Tuning in

Dear Ones,

In order to mentor well, I believe it is vitally important to have a good, fast, accurate, fun, and respectful method of "tuning into" the student, in such a way that informs both about how the student is at the present time.

In a culture, where groups of students are expected to be obedient ( as opposed to follow their heart or spirit of guidance) where socially adaptive behavior is the norm, where being polite (instead of honest) is expected and praised,  where competition, false emotional performance and media distraction is the norm (versus deep internal awareness), a real mentoring method of tuning right in, becomes increasingly important in order to nurture a real artist that is awake.

Personally, I believe that within the art form of private music teaching, it helps immensely to have an understanding of how my student is, for real, each time he/she arrives to a lesson. It's very important to me to customize each lesson to best meet my student and take him/her deeper into his/her relationship with music on an authentic level.

Since emotional and energetic aspects of human nature change like the sky and sea, I remind myself not to presume how the student is or for that matter, appears to be. Therefor, I ask!!

What I do now,  in addition to using intuition, is to ask the student at the start of the lesson while he/she is putting together their oboe and getting their reed into water to soak, ....

"On a level of 1 - 100, what is your energy level?" ( Feel free to elaborate .... and it tends to invoke abrief yet vital conversation.)
" " ................................., mood? ("")

If you had to limit your present state, to being expressed into just one color, which color best represents how you are right now? (This helps the student to turn a mental corner and get into a more artistic mental framework. It also helps me choose which scales, sight reading pieces, and/or general direction of the lesson.)

I make it a customary routine.  I open up a book which is my teaching log, write down the students' name, date, time and say, OK, let's get your vital signs, MOOD, ENERGY and COLOR. I do this also, if we have a SKYPE rather than in person lesson. I've found this habit helpful to keep vital continuity and connection even with the greater disconnect of not being in person.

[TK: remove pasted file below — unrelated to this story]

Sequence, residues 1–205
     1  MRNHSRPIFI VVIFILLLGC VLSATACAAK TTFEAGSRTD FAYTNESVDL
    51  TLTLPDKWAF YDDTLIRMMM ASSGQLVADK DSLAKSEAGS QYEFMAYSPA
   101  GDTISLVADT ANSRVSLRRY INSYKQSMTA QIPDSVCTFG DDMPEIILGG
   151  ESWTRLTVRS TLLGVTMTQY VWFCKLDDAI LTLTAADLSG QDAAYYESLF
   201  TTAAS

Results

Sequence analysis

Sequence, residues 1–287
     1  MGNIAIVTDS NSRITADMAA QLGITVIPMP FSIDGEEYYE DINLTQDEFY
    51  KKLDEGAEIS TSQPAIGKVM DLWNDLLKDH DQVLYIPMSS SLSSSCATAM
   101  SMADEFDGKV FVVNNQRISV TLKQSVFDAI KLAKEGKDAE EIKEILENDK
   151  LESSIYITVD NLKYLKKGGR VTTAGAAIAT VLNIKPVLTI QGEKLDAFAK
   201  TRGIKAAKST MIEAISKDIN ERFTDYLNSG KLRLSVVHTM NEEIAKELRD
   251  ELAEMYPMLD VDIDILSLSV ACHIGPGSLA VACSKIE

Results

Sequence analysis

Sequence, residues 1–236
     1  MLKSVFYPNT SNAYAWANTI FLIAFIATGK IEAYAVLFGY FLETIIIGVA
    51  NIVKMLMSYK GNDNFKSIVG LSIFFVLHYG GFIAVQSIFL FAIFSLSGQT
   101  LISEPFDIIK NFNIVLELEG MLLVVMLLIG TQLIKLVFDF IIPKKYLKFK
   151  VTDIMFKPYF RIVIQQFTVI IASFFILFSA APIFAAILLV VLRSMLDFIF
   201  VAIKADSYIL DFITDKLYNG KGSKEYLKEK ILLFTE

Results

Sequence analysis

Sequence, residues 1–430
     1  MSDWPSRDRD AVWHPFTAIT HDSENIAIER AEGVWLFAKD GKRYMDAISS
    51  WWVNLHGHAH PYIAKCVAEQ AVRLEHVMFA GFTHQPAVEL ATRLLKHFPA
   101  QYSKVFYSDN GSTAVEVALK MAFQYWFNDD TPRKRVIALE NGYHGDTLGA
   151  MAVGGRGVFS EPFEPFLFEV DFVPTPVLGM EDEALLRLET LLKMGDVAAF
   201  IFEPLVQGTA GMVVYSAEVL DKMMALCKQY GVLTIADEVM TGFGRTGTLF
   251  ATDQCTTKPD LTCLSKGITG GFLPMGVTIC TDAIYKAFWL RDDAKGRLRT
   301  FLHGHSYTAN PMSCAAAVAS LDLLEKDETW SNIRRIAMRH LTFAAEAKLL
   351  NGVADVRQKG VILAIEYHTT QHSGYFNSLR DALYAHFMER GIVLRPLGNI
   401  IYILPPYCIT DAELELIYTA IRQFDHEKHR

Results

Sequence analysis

While I'm busy scribbling in my book, I closely observe them from the corner of my eye. I silently, without comment, observe how the student will tune into him/herself which is revealing. Always, the body language changes, the tone of voice changes. All of these things are interesting and informative.

I find it's helps the student get out of his/her head or the currents of the external day, and tune into how he/she is internally, in addition to communicating to me how he/she is doing. I feel this is a crucial skill for anyone to develop, especially a musician. It creates the habit for the student to practice the art of "know thyself".

I love how "safe" using the method of "on a scale of 1 - 100" system of questioning is. It's respectful and prevents prying. The student is free to stay introverted or private and not share any personal details with a number. A number without elaboration combined with intuition is generally enough and honors the student's emotional need.  It is helpful, I've found, to use it as an immediate tool of assessment for much more, as well.

For example, after sight reading a piece, or playing through a work, I'll may ask my student - "OK, so what do you think? On a scale of 1 - 100 how much do you like this movement ?" ... or composer, or work.... Or perhaps, "1 - 100, how important is this audition, performance ...(etc.) to you?" Personally, I think these things are helpful to know as it cultivates significantly more awareness to the internal reality of the student.

Of course, every student is different but I've found this is great fun for most student if it isn't overdone. It's just a tool, and there are times, it may be best to not ask at all if you allow intuition to rule. When I'm comfortable asking and using this system, the student tends to be as well. But, this tool, isn't for everyone. This can become more useful however, with repeated use as it creates a point of reference. It can also reveal patterns and create improved discernment. For example, a student can recognize when outside of lesson time, he/she has better energy patterns for practicing.

Furthermore, I've found that this number system tool of assessment can help the student create the habit of tuning into his/her own internal awareness by putting the "critical editor" of their own mind, to use numbers as a way to interrupt possible negative thinking into working for increased internal emotional awareness. 

The number response may open doors to deeper conversations or questions. It can help make decisions.

Sometimes after a student plays through a movement or piece, I might ask, "So, 1 - 100, how much would you like to perform this work?" .... Now THAT is when it gets even more interesting in the journey of teaching. Let's say the student answers only 20% ! Then I might ask - "So what is it about this piece that supports the 20%? .... and/or "So what is repelling to you about the 80%?" and from there, we have a place to move forward honestly, respectfully, artfully and in a more likely to be rewarding way.

Best wishes for fulfilling musical experiences,
Kathryn Potter
(c) Kathryn J. Potter 2016